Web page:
Every city has a soul. A vibe. A heartbeat. There is a sort of unspoken, unwritten feeling that sits atop all the other bits. It can be seen and felt on the street, watching and interacting with people as they go about their business. Finding this soul of a city is usually pretty easy for me. Wander around for an hour or two, vaguely following a map towards any particular destination while exploring side streets along the way, and the city will start to come alive. Unless it is Singapore, that is.
I don’t know what it was about my couple days in town. Maybe it is because the weather was festering heat and humidity so people simply avoided being outside completely. Maybe it is because so few people in town are actually from Singapore so there are fewer roots. Maybe it is because I’m a moron and wasn’t in the right places. But finding the soul of the city was nearly impossible.
I tried a few things to help my chances. I visited the "named" neighborhoods like Little India and Chinatown. The Indian area was cute, I suppose, but most of it appeared staged rather than the natural growth of a people who settled together in a particular neighborhood to have comfortable environs as they adjusted to their new homeland.
There were temples (some reasonably old even) and that was nice enough, but I struggled to find the connection between the people and their city.
I walked along side streets and through market streets. I visited the hawker stalls and sat at the communal dining tables to enjoy my meals. And I searched as best I could to seek out the folks who really lived and worked in in town and to see how they did so. I pretty much failed.
To be fair, there are things to see in Singapore. It has monuments, museums and the like. At the same time, however, the major focus of development recently seems to have been the Marina Bay Sands hotel and casino complex, along with the associated shopping mall. The bay is surrounded by other buildings – some offices, some hotels, some shops – and as a whole it makes for a reasonably active area. Thousands of folks wandering around, window shopping in a high-priced mall doesn’t make a city, however. It was activity without soul, without spirit.
I went in to the trip with a bit of a bias. I haven’t heard anyone ever rave about how much fun a visit to Singapore is. There are pockets of excitement that come from conversations, diamonds in the rough, as it were, of a neat thing or restaurant, but rarely a complete experience that rates great reviews. So maybe what I got was simply the predictable out come of my initial expectations. But I’d like to think not.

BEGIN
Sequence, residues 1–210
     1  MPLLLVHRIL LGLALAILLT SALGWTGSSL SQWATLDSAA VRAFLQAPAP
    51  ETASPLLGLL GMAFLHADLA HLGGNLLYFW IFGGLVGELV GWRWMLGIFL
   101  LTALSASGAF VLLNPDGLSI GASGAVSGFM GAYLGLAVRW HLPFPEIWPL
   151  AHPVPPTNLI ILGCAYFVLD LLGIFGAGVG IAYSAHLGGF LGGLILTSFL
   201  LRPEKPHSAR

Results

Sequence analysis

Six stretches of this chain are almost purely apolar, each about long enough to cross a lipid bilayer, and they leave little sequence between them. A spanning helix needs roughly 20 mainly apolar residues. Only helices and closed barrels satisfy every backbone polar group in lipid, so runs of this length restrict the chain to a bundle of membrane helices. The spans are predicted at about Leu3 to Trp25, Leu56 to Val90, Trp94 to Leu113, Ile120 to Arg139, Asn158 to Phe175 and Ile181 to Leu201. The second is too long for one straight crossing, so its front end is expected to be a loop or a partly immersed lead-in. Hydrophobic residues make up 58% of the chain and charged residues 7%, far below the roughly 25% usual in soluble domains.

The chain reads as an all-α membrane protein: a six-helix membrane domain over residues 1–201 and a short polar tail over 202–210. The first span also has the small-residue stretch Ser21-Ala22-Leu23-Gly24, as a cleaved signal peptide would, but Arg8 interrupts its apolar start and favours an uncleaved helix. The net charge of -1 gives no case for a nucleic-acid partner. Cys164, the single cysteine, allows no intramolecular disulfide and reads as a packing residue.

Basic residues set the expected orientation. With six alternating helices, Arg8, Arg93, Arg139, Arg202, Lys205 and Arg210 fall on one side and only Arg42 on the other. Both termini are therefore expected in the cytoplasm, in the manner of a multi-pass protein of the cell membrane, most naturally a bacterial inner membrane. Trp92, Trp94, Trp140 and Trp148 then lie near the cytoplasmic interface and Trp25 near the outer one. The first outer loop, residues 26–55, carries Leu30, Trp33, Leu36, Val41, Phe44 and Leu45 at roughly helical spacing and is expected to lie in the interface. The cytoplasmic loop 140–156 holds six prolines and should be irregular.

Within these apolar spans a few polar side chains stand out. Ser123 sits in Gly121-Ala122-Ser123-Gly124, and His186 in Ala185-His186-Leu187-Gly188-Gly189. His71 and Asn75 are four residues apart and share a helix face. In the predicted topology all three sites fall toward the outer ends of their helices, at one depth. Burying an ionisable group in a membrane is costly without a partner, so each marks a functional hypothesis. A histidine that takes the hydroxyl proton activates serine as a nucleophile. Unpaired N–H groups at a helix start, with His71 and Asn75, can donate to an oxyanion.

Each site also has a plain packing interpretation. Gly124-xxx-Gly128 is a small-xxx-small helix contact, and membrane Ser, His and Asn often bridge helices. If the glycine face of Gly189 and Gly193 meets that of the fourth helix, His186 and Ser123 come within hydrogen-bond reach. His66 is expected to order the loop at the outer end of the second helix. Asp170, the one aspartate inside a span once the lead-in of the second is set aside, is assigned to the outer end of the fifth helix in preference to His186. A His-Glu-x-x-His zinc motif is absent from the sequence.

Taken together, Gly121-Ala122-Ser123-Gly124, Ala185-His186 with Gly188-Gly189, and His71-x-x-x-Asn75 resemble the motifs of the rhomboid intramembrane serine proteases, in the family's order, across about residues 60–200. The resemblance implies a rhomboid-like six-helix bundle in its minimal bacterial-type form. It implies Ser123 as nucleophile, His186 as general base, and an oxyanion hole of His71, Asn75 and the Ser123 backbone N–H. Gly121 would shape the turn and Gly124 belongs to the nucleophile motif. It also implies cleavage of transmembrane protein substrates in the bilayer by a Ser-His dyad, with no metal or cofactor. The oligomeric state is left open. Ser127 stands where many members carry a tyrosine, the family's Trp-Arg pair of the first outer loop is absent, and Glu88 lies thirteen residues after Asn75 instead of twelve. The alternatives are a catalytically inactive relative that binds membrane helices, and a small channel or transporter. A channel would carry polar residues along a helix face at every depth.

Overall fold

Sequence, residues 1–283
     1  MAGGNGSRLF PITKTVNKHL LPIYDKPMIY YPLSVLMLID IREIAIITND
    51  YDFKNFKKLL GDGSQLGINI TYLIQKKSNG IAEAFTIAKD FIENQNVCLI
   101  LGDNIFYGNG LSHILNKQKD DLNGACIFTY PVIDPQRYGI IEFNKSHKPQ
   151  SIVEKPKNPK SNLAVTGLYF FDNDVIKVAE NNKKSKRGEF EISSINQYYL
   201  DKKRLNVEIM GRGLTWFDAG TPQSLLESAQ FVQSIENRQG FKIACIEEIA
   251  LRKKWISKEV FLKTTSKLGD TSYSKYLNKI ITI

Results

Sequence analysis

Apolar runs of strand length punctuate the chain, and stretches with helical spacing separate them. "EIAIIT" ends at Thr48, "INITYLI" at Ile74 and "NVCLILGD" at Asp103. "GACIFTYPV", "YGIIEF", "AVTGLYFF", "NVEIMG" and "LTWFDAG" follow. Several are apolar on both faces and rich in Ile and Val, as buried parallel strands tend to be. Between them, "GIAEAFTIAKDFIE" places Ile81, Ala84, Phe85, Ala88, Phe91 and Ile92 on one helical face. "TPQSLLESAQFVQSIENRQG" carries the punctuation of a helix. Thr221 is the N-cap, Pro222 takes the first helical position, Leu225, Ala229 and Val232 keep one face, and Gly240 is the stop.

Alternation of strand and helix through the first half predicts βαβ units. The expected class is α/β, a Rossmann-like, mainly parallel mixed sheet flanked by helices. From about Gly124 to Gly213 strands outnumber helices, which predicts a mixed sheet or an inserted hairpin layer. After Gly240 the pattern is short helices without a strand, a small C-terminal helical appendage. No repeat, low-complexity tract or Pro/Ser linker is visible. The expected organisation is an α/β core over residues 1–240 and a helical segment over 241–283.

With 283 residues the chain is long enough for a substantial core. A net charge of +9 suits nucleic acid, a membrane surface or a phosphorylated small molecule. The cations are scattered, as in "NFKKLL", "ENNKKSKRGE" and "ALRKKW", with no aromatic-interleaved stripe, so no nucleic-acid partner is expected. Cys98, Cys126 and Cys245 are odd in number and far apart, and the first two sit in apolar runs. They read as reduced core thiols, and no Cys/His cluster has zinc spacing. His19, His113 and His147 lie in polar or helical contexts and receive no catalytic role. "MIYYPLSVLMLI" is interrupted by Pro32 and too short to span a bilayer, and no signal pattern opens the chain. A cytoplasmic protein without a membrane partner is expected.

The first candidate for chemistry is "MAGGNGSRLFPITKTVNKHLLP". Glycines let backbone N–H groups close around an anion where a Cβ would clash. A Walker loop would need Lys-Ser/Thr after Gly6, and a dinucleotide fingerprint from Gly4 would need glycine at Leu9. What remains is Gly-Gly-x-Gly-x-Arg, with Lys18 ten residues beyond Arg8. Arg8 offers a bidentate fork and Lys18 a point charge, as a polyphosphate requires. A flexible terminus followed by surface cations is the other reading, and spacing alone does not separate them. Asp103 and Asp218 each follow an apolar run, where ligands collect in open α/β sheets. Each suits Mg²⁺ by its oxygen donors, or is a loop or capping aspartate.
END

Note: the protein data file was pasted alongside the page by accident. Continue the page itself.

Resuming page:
I walked the streets morning, afternoon and night. And at night, when there was no longer a reason to be stuck inside (other than that it was still ridiculously hot and humid outside) there was a bit more life. People packed in at the restaurants lining one street on Saturday night to drink beer and watch the Premier League soccer matches. It was the closest thing I saw to people actually enjoying their existence. And even then it was quite subdued, hardly a shout or a cheer as the cold beers went down and the matches played out on the televisions.
I’m sure that I could try again, visit the city and start my search for its soul anew. I actually want to go back as there are a few restaurants I didn’t get to try and the few I did were actually pretty good, so at least the city has that. But Singapore lacks a soul, and that’s something I definitely missed.
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You’re “a moron and wasn’t in the right places.” :-). Your words, not mine :-).
But seriously, I know what you mean; I felt the same way in Kuwait, but I did find the soul of Kuwait; it was at the Souks. It was weird, to meet Kuwaitis, I had to go to the Police station initially, but once I went to the Souks at night, voila!
I found Singaore’s soul at Sentosa and then again at one of the fish market and from the tailors who made my shirts in a day; visit again and don’t look so hard :-).
Haven’t been in Singapore in 20 years but even then it was largely a modern sterile construction in which most of the older buildings had been knocked down in favor of large, planned, and soulless developments.
Malacca, on the other hand. . .
Will be returning to SE Asia this summer for the first time in 20 years. Current plans do not call for visiting Singapore at all. I’m sure that, if the free miles bonanza continues for a few more years, I’ll be seeing it soon enough. But there are so many more interesting places in the immediate neighborhood I doubt it will be more than an airport stop for me.
Where I found the soul of Singapore was in the Changi Beach area near the airport where families camp on the beach and spend the nights at outdoor cafes socializing.
me and a friend share a joke about going to Singapore on work everytime we head there.. its like going to Disneyland. coz everything is so curated, in place, kinda perfect
Toronto on the equator.
Toronto?! Really? Please don’t insult Singapore. Toronto has some of the worse city planning in all of North America. The traffic jams in Toronto and the surrounding boroughs are worse than LA! The overall facade of the city is poorly maintained and there are plenty crumbling neighborhoods all over the place… And please don’t get me started on the dysfunctional, bankrupt Toronto Transit… Singapore is meticulously maintained and planned with what is arguably the best transit system in the world.
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